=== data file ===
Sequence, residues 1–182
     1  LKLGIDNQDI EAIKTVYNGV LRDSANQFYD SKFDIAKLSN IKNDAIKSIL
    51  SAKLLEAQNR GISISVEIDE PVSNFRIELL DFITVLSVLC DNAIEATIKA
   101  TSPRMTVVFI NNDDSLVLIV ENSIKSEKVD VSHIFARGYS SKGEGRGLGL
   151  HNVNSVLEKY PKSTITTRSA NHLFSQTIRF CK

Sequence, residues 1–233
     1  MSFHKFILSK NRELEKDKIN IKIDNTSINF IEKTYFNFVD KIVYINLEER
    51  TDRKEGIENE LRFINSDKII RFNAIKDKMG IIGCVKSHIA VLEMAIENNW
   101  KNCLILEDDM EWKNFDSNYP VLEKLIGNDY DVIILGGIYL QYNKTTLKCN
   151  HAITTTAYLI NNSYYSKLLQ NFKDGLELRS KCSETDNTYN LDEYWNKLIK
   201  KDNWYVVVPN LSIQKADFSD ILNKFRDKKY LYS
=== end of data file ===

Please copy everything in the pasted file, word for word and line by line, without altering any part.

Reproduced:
Sequence, residues 1–182
     1  LKLGIDNQDI EAIKTVYNGV LRDSANQFYD SKFDIAKLSN IKNDAIKSIL
    51  SAKLLEAQNR GISISVEIDE PVSNFRIELL DFITVLSVLC DNAIEATIKA
   101  TSPRMTVVFI NNDDSLVLIV ENSIKSEKVD VSHIFARGYS SKGEGRGLGL
   151  HNVNSVLEKY PKSTITTRSA NHLFSQTIRF CK

Sequence, residues 1–233
     1  MSFHKFILSK NRELEKDKIN IKIDNTSINF IEKTYFNFVD KIVYINLEER
    51  TDRKEGIENE LRFINSDKII RFNAIKDKMG IIGCVKSHIA VLEMAIENNW
   101  KNCLILEDDM EWKNFDSNYP VLEKLIGNDY DVIILGGIYL QYNKTTLKCN
   151  HAITTTAYLI NNSYYSKLLQ NFKDGLELRS KCSETDNTYN LDEYWNKLIK
   201  KDNWYVVVPN LSIQKADFSD ILNKFRDKKY LYS